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Lot 024

YONG MUN SEN
b. Sarawak, 1896 - d. Penang, 1962

WEAVING, 1948

Signed and dated 'MUNSEN 48' (lower left)

Charcoal on paper
50cm x 72cm


PROVENANCE
Private Collection, Penang.

EXHIBITED
Yong Mun Sen Retrospective 1999, Penang State Art Gallery, 1999, illlustrated on exhibition catalogue page 39.


ESTIMATE  RM 15,000 - 25,000



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Renowned for creating Nanyang style visual illustrations which entails the amalgamation of both Eastern and Western painting techniques and the adoption of local landscape as subject matter, Yong Mun Sen implements his knowledge in both manners in producing most of his fishermen scenes, coastal and village panoramas, labourers at work and more in mediums such as watercolour, oil and charcoal. Presented here is a sketch of a scene of two women engrossed in the act of songket weaving executed in the latter medium. A woman figure is seated on a bench with her back facing the viewer unaware that she is being observed while the other is seated on the ground, her facial expression displays a sense of enthused motivation. The songket is a brocaded textile in silk or cotton fabric intricately weaved with metallic thread. Originated from Indonesia, the fabric is widely used till this day throughout Southeast Asia. Its tedious and complicated weaving process requires skilled craftspeople to work speedily in order to achieve the desired results.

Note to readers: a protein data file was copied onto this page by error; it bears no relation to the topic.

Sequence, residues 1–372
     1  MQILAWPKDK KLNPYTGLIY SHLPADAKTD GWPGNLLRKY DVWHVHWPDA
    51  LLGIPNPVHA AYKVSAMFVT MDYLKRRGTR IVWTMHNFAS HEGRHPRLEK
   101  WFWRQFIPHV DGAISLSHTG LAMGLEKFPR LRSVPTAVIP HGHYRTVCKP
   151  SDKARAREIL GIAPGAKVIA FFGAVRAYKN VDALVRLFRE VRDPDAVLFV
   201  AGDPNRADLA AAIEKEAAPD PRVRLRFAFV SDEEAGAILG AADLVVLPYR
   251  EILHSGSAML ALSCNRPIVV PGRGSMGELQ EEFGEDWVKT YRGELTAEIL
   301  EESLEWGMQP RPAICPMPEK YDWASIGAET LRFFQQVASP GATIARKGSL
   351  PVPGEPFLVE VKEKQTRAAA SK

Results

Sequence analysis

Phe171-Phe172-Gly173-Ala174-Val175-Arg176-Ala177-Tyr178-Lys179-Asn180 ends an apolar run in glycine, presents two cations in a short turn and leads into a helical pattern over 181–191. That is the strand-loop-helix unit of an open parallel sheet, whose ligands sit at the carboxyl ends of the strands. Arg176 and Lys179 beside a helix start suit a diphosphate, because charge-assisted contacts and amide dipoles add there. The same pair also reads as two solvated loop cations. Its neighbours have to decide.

After witnessing a Japanese artist painting in his family’s coconut and pepper plantation, Yong Mun Sen (born Yong Yen Lang) became inspired to become a painter. He changed his name to Yong Mun Sen in 1922, two years after settling in Penang. He had established a photography studio named Tai Woon / Wei Guan Art Studio in 1922 and renamed it Mun Sen studio in 1930 which then became a favourite meeting place for fellow artistfriends namely Tay Hooi Keat, Kuo Ju Ping, Khaw Sia, Lee Cheng Yong, Abdullah Ariff and other pioneering Malaysian artists. He co-founded the Penang Chinese Art Club in 1935 and was elected vice president. He initiated the formation of Singapore Chinese Art Club the same year. Posthumous memorial exhibitions were honoured to him in Singapore (1966), Galeri 11, Kuala Lumpur (1966), the National Art Gallery, Kuala Lumpur (1972) and the Penang State Art Gallery (PSAG, 1972). In 1999, the PSAG organised a retrospective exhibition where Boats through the Nets was displayed. Dubbed ‘The Father of Malaysian Art’ by many, Yong Mun Sen has left behind a remnant of history for the present and future art enthusiasts to remember him by. The great Xu Bei-hong (1895 - 1953) described Mun Sen as “the most outstanding figure in Malaysian art and one of the few top artists in the tropics.”